Marcus Julius Philippus (Latin: Marcus Iulius Philippus Augustus; c. 204 – 249) also known commonly by his nickname Philip the Arab (Latin: Philippus Arabs, Arabic: فيليب العربي), also known as Philip, was Roman Emperor from 244 to 249. He was born in present-day Syria to a Syrian father, and went on to become a major figure in the Roman Empire. He achieved power after the death of Gordian III, quickly negotiating peace with the Sassanid Empire. During his reign, Rome celebrated its millennium.
Among early Christian writers, Philip had the reputation of being sympathetic to the Christian faith. Probably for this reason it was even claimed by some that he had converted to Christianity, which would have made him the first Christian emperor. He supposedly tried to celebrate Easter with Christians in Antioch, but the bishop Saint Babylas made him stand with the penitents. Philip and his wife received letters from Origen.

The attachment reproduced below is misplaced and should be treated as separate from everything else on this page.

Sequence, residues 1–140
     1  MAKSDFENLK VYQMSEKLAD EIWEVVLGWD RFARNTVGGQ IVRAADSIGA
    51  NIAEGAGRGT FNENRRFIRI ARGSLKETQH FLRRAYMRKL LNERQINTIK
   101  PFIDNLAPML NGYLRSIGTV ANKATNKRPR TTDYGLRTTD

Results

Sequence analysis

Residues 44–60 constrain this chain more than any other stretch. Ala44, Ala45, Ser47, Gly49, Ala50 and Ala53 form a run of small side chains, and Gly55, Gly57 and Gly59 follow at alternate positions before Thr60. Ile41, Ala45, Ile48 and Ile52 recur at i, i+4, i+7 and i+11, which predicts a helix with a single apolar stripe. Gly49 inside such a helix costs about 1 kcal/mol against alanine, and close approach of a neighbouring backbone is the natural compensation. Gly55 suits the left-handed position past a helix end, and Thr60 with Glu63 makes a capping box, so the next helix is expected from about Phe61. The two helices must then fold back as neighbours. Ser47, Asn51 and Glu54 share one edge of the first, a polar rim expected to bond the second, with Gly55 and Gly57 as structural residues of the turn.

Philip was overthrown and killed following a rebellion led by his successor Decius.